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Equipping the Overland Vehicle Vehicle accessories - Making your home away from home comfortable, safe and reliable.
Photo by Ellen Delis, Lagunas Ojos del Campo, Antofalla, Catamarca

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Photo by Ellen Delis,
Lagunas Ojos del Campo,
Antofalla, Catamarca



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  #1  
Old 15 Apr 2018
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Recovery gear - best hand-powered options?

I started looking at learning how to build a flip-flop winch in a jam:

https://www.youtube.com/watch?v=QFDGGht3CQU

I was wondering what you guys usually carry with you for emergencies in case you are alone and stuck. I've read everything from Hi-lift jacks to actual ratchet straps (yikes!) being used for vehicle recovery.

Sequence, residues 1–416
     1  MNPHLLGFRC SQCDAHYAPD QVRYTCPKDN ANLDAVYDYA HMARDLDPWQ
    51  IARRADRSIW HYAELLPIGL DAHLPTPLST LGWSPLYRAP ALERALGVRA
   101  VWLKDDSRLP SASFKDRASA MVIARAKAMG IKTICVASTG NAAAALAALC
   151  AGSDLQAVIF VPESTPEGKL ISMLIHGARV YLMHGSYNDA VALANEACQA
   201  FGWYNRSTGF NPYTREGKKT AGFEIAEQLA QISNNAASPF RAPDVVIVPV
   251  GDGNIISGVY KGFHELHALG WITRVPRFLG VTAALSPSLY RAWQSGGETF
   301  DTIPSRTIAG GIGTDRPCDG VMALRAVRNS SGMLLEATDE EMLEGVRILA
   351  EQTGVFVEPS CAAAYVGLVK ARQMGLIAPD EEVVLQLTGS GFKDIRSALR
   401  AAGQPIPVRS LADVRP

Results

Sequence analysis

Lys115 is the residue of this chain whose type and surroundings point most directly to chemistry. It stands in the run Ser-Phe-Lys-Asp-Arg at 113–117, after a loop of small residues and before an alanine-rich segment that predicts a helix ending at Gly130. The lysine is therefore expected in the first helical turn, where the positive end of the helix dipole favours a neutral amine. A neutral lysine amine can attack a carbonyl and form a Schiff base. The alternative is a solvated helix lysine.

Since I don't plan on installing a powered winch, I wanted some real-world advice for what to pack in case a situation like this does arise. Safety first... last thing I want is a ratchet strap hook flying at me.
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  #2  
Old 15 Apr 2018
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What vehicle are you potentially pulling?

the most versatile is a Tirfor hand winch, not too heavy and can be stored in a plastic tote, can be used on all 4 sides of the vehicle and for lifting etc.

[url=http://www.tractel.com/ca/series.php?id_serie=47]TRACTEL
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  #3  
Old 15 Apr 2018
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Quote:
Originally Posted by Gipper View Post
What vehicle are you potentially pulling?

the most versatile is a Tirfor hand winch, not too heavy and can be stored in a plastic tote.